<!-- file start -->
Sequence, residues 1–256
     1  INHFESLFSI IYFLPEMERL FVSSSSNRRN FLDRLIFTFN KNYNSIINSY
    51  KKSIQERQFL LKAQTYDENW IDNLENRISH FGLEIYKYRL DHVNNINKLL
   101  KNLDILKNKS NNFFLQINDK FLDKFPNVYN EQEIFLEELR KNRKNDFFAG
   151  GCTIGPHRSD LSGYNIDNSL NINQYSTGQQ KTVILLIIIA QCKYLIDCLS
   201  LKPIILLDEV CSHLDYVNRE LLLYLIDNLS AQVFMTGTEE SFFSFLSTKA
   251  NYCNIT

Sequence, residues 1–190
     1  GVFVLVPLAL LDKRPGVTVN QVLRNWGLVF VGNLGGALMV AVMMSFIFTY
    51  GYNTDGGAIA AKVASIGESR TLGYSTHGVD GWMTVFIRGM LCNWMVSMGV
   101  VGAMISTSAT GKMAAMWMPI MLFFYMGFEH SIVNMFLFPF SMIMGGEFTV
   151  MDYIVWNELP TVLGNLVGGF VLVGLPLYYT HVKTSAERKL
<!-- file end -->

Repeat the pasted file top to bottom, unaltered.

Sequence, residues 1–256
     1  INHFESLFSI IYFLPEMERL FVSSSSNRRN FLDRLIFTFN KNYNSIINSY
    51  KKSIQERQFL LKAQTYDENW IDNLENRISH FGLEIYKYRL DHVNNINKLL
   101  KNLDILKNKS NNFFLQINDK FLDKFPNVYN EQEIFLEELR KNRKNDFFAG
   151  GCTIGPHRSD LSGYNIDNSL NINQYSTGQQ KTVILLIIIA QCKYLIDCLS
   201  LKPIILLDEV CSHLDYVNRE LLLYLIDNLS AQVFMTGTEE SFFSFLSTKA
   251  NYCNIT

Sequence, residues 1–190
     1  GVFVLVPLAL LDKRPGVTVN QVLRNWGLVF VGNLGGALMV AVMMSFIFTY
    51  GYNTDGGAIA AKVASIGESR TLGYSTHGVD GWMTVFIRGM LCNWMVSMGV
   101  VGAMISTSAT GKMAAMWMPI MLFFYMGFEH SIVNMFLFPF SMIMGGEFTV
   151  MDYIVWNELP TVLGNLVGGF VLVGLPLYYT HVKTSAERKL